Harvard Heart Letter

Special section: Cardiovascular connections: Psoriasis is more than skin deep

Special section: Cardiovascular connections

Psoriasis is more than skin deep

Cardiologists have long looked to the skin for outward signs of heart disease. Yellowish pimple-like eruptions signal a cholesterol-processing disorder. Drumstick-like swelling of the tips of the fingers and toes can warn of infective endocarditis. Bluish lips and cheeks can be a tip-off of trouble with the mitral valve.

A burgeoning body of research suggests that psoriasis (sore-EYE-uh-sis) is somehow linked to heart disease. About five million Americans have this lifelong skin disorder. There are five different types. The most common, plaque psoriasis, usually starts as round or oval patches of red, scaly skin. These itchy patches of dead and dying skin cells tend to appear on the elbows, knees, scalp, or buttocks, but can spread across the body.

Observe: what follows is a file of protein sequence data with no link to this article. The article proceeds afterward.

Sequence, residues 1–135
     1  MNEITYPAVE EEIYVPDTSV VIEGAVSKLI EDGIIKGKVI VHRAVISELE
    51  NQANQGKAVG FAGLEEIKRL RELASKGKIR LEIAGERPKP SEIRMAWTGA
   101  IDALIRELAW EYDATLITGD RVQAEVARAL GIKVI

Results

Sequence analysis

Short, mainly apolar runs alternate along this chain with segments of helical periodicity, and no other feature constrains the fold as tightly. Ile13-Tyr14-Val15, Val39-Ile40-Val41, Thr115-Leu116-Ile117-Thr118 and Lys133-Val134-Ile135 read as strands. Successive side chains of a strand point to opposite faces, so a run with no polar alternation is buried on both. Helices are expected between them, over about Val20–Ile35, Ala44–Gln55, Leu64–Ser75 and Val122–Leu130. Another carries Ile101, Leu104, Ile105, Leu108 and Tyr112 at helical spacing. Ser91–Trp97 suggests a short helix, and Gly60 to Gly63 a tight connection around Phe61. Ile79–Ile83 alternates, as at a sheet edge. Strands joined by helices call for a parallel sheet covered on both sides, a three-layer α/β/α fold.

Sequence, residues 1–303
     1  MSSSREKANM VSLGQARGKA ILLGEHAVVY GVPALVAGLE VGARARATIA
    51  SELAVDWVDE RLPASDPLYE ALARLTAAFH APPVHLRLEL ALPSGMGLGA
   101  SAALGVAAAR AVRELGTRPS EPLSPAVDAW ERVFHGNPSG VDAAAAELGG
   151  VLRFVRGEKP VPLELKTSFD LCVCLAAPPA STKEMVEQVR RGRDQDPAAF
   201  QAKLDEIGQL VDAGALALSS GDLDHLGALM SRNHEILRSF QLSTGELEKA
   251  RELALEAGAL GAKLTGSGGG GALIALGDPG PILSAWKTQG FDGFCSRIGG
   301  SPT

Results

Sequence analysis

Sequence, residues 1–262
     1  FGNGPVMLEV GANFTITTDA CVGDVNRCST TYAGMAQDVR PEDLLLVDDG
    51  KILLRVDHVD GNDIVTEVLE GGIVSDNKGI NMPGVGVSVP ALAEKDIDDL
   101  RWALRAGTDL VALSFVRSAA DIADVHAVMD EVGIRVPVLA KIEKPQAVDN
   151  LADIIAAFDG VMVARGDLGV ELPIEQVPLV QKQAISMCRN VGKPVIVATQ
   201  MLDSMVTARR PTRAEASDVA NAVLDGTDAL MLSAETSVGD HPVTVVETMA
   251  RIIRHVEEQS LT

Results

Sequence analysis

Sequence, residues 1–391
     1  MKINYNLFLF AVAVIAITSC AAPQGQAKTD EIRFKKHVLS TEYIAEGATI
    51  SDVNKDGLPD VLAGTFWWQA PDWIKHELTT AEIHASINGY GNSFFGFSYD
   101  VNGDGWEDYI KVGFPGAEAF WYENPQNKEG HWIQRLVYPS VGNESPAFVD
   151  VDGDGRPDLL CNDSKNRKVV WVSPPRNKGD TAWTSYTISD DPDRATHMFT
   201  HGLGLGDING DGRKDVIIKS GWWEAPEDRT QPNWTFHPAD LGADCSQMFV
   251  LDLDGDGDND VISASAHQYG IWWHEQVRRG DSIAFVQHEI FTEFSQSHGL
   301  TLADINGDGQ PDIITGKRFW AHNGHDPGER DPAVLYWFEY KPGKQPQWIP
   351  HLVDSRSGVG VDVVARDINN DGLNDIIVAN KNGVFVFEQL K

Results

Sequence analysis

Rather than being a dermatologic disease, psoriasis is a disorder of the immune system that happens to play out on the skin. In people with this condition, T cells, which normally protect the body from infection by fighting off foreign bacteria and viruses, also attack skin cells.

To continue reading this article, you must login.
  • Research health conditions
  • Check your symptoms
  • Prepare for a doctor's visit or test
  • Find the best treatments and procedures for you
  • Explore options for better nutrition and exercise
Learn more about the many benefits and features of joining Harvard Health Online »